Maine Memory Network
Maine's Online Museum

Login · My Account · Show Album


 

 

Search Results

Keywords: Moosehead Lake

  Advanced Search
       
             

List View  |  Thumbnails View

Exhibits

Your results include these online exhibits. You also can view all of the site's exhibits, view a timeline of selected events in Maine History, and learn how to create your own exhibit.

Page: 1 |


 

Exhibit

  • Share this on Facebook Share this on Twitter Share this on Pinterest
Steamboats

Moosehead Steamboats

After the canoe, steamboats became the favored method of transportation on Moosehead Lake. They revolutionized movement of logs and helped promote tourism in the region.

Exhibit

  • Share this on Facebook Share this on Twitter Share this on Pinterest
John W. G. Dunn, Moosehead Lake, 1904

John Dunn, 19th Century Sportsman

John Warner Grigg Dunn was an accomplished amateur photographer, hunter, fisherman and lover of nature. On his trips to Ragged Lake and environs, he became an early innovator among amateur wildlife photographers. His photography left us with a unique record of the Moosehead Lake region in the late nineteenth century.

Exhibit

  • Share this on Facebook Share this on Twitter Share this on Pinterest
Noon Lunch, Eagle Lake, 1911

Umbazooksus & Beyond

Visitors to the Maine woods in the early twentieth century often recorded their adventures in private diaries or journals and in photographs. Their remembrances of canoeing, camping, hunting and fishing helped equate Maine with wilderness.

Exhibit

  • Share this on Facebook Share this on Twitter Share this on Pinterest
Walker Memorial Library, Westbrook, 1943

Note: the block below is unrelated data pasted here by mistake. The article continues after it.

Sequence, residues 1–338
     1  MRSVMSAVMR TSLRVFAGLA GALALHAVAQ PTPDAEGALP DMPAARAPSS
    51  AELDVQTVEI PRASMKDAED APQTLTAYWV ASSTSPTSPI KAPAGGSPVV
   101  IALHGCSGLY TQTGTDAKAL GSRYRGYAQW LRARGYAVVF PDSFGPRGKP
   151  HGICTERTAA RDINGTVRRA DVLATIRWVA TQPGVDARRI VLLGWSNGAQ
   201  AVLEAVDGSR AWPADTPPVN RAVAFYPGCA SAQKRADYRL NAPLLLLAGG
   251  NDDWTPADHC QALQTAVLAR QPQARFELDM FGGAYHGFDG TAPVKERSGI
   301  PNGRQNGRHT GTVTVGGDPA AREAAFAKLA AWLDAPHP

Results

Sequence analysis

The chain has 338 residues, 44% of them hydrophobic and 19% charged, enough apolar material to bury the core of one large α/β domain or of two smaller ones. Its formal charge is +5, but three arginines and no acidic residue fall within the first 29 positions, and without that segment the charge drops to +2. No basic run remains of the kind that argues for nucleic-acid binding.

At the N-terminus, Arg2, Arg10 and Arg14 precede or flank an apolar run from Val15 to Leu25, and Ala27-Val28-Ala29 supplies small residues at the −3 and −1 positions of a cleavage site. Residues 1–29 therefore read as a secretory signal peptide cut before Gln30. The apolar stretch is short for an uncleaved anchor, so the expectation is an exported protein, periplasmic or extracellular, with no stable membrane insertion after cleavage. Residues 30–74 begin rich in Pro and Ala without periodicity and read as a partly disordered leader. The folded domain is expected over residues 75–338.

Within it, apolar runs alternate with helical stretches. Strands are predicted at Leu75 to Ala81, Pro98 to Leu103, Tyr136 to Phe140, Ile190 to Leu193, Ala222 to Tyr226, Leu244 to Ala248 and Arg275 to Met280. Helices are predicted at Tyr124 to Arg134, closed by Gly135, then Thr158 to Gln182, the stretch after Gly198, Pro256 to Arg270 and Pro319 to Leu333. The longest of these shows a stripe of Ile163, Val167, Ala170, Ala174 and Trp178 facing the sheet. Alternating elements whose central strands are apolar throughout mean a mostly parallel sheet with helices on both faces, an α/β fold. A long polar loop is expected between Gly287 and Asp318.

Hunting Season

Maine's ample woods historically provided numerous game animals and birds for hunters seeking food, fur, or hides. The promotion of hunting as tourism and concerns about conservation toward the end of the nineteenth century changed the nature of hunting in Maine.

Exhibit

  • Share this on Facebook Share this on Twitter Share this on Pinterest
Potato pickers, Caribou, ca. 1930

Laboring in Maine

Workers in Maine have labored in factories, on farms, in the woods, on the water, among other locales. Many of Maine's occupations have been determined by the state's climate and geographical features.

Exhibit

  • Share this on Facebook Share this on Twitter Share this on Pinterest
Rockefeller Drive, Mt. Desert Island, ca. 1935

Designing Acadia

For one hundred years, Acadia National Park has captured the American imagination and stood as the most recognizable symbol of Maine’s important natural history and identity. This exhibit highlights Maine Memory content relating to Acadia and Mount Desert Island.

Exhibit

  • Share this on Facebook Share this on Twitter Share this on Pinterest
Samoset Hotel, Rockland, ca. 1930

Luxurious Leisure

From the last decades of the nineteenth century through about the 1920s, vacationers were attracted to large resort hotels that promised a break from the noise, crowds, and pressures of an ever-urbanizing country.

Exhibit

  • Share this on Facebook Share this on Twitter Share this on Pinterest
Pulp pile, St. Croix Paper Co., Woodland, ca. 1910

Making Paper, Making Maine

Paper has shaped Maine's economy, molded individual and community identities, and impacted the environment throughout Maine. When Hugh Chisholm opened the Otis Falls Pulp Company in Jay in 1888, the mill was one of the most modern paper-making facilities in the country, and was connected to national and global markets. For the next century, Maine was an international leader in the manufacture of pulp and paper. 

Exhibit

  • Share this on Facebook Share this on Twitter Share this on Pinterest
Page Terrace, Fairfield, ca. 1930

Good Will-Hinckley: Building a Landscape

The landscape at the Good Will-Hinckley campus in Fairfield was designed to help educate and influence the orphans and other needy children at the school and home.

Exhibit

  • Share this on Facebook Share this on Twitter Share this on Pinterest
Poland Spring House, 1889

Poland Spring: Summering in Fashion

During the Gilded Age at the end of the nineteenth century, Americans sought to leave increasing urban, industrialized lives for the health and relaxation of the country. The Poland Spring resort, which offered a beautiful setting, healing waters, and many amenities, was one popular destination.

Page: 1 |